It's not just that, as I wrote, the rendering offers a selective perspective, which minimizes the scale transition between low-rise buildings on Vanderbilt and this 202-foot tall, 17-story, 275-unit tower.
It's that the perspective itself is a lie. It makes the three-story, mixed-use red brick building across the street look shorter and wider than the reality. That allows the tilted tower to fit in the rendering.
Let's try a GIF to compare a photo of that three-story building at 552 Vanderbilt, which has the restaurant Chuko Ramen on the ground floor, with a similarly cropped piece of the rendering.
In the rendering, however, the three-story building at 552 Vanderbilt is stretched and tilted. The far side of the building points down, and both the windows and the brick between them seem widened.
The result? Minimizing the scale of 550 Vanderbilt, which is actually one of the smallest buildings planned for Atlantic Yards.
In China, a huge project
Ironically enough, in China, potential immigrant investors in "Atlantic Yards II"--the second round of immigrant investor funding, now on its third round--were in January 2014 shown the model below, which emphasizes the full scale of the project and may exaggerate at least some of the towers.
(They were shown the model at an event sponsored by the Qiao Wai migration consultancy, which works with the U.S. Immigration Fund, the "regional center" packaging the low-interest loan under the EB-5 program. The U.S. Immigration fund was working with Forest City Ratner and, presumably, the Greenland Group, its pending partner. Surely the model was produced in cooperation with Forest City.)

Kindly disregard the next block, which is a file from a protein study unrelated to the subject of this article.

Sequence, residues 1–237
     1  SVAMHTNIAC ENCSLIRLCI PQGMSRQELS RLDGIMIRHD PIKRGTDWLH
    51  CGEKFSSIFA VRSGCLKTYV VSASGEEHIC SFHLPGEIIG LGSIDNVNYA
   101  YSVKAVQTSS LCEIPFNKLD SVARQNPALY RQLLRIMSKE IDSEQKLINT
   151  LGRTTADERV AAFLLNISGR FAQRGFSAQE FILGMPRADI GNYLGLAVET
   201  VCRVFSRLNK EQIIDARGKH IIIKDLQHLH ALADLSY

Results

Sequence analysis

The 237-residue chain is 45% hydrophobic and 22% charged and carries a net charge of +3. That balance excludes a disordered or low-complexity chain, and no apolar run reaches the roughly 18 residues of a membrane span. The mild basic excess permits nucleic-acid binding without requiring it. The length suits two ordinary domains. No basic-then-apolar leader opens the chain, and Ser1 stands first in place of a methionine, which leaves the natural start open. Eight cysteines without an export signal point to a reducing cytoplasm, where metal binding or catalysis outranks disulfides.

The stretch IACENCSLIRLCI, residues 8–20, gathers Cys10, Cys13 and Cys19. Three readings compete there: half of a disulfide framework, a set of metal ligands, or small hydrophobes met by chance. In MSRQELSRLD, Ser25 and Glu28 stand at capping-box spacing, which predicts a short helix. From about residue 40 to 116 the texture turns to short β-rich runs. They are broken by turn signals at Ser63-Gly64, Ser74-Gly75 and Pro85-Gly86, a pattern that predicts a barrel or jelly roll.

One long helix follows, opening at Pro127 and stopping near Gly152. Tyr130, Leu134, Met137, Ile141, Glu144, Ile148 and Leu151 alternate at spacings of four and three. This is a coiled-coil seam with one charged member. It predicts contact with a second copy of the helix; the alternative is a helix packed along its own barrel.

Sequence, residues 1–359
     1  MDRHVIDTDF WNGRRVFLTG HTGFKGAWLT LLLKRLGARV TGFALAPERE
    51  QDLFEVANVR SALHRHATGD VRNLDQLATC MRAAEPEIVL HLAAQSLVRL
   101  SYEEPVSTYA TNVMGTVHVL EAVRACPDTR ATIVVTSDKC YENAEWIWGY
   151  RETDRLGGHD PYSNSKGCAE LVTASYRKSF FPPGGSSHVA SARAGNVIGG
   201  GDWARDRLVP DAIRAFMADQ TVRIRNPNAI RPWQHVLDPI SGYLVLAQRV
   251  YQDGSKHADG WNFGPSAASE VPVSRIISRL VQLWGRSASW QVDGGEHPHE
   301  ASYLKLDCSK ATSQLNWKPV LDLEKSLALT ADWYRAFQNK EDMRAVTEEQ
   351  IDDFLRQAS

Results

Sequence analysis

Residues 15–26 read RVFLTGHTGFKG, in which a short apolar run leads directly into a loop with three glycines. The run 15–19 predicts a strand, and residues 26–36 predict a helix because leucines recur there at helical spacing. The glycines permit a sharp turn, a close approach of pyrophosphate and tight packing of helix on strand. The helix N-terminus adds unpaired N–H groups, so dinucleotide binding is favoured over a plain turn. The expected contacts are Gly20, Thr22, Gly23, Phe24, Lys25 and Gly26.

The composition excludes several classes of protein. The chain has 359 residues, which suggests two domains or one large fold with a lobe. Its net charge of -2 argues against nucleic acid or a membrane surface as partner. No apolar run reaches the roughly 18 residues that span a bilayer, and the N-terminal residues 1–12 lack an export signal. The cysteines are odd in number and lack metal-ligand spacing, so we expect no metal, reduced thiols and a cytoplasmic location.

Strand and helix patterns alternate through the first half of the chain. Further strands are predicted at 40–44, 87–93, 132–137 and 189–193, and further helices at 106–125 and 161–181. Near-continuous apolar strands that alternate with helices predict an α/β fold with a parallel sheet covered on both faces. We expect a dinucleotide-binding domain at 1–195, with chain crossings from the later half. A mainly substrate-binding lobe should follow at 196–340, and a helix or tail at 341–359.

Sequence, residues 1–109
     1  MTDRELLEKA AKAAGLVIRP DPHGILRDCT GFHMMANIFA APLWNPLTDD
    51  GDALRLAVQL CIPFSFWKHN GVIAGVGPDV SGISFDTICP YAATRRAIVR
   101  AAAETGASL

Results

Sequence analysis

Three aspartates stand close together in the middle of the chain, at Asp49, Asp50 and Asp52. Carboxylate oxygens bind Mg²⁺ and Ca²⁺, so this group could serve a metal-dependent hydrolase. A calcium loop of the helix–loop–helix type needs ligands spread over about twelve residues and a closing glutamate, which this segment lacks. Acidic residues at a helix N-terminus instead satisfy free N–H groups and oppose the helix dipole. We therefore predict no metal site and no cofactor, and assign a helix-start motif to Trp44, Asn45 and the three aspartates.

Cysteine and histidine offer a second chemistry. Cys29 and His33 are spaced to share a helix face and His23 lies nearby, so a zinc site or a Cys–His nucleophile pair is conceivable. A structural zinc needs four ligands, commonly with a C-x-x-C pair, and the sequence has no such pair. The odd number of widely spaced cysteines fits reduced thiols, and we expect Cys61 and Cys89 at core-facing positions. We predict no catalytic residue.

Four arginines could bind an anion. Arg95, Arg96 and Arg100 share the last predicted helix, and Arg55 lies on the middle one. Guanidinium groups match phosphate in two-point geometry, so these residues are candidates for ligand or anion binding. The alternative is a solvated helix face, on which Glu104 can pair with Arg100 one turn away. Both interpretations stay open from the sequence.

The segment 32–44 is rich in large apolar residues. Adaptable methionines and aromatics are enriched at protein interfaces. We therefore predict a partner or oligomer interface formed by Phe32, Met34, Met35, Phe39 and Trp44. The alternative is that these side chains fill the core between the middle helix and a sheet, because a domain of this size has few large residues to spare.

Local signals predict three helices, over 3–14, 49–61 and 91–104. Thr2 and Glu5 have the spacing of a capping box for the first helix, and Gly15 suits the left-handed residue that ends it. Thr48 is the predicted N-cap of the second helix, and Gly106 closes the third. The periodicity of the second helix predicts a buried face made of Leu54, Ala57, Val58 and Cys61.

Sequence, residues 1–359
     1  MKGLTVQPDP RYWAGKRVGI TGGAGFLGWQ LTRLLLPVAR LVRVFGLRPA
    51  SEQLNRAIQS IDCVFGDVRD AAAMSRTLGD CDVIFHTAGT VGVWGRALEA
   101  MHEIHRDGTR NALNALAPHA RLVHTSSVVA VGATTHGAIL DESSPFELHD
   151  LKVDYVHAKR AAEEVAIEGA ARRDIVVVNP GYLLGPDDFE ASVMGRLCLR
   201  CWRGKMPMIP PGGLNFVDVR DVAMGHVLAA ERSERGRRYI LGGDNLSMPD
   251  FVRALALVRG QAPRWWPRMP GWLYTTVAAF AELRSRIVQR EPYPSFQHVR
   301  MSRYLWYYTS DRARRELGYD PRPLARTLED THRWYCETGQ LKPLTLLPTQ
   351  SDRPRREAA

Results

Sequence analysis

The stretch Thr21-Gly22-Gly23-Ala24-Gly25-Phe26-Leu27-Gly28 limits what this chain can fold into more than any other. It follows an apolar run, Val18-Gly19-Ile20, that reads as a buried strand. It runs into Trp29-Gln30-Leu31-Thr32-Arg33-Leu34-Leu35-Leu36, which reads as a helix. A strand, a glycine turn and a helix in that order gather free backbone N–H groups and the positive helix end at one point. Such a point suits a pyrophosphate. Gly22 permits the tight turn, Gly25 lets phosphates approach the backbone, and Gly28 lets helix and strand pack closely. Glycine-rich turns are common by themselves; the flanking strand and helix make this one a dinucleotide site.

This model has not been shown publicly in the United States. In China, the audience is different: the immigrant investors wouldn't care about community impact but rather would be impressed by the project's grandeur. And Greenland, now the 70% owner of Atlantic Yards (minus one tower and the arena), loves to build big.
Consider that the southern wall of 550 Vanderbilt, at the southeast corner of the site, is ten stories, while the current plan, as shown in the rendering above, is for seven stories. Also note how the open space--remember, Pacific Park?--seems minimized.
Also note that the model may indicate a change in the project plan--or simply was an expedient but incorrect interim representation. The tallest building on the eastern third of the site, Building 9, over the railyard between Carlton and Vanderbilt avenues, is supposed to rise 419 feet.
But it looks nearly as tall as the 511-foot B1 and the 510-foot B4, both on the arena block. Could some buildings will be taller or smaller than previously represented? Stay tuned. As I've said, Atlantic Yards is a "never say never" project.
The tight view of Vanderbilt and Dean: photo
The tight view of Vanderbilt and Dean: rendering
The full view of Vanderbilt and Dean: photo
The full view of Vanderbilt and Dean: rendering
552 Vanderbilt, from Google Street View
|From Google Street View|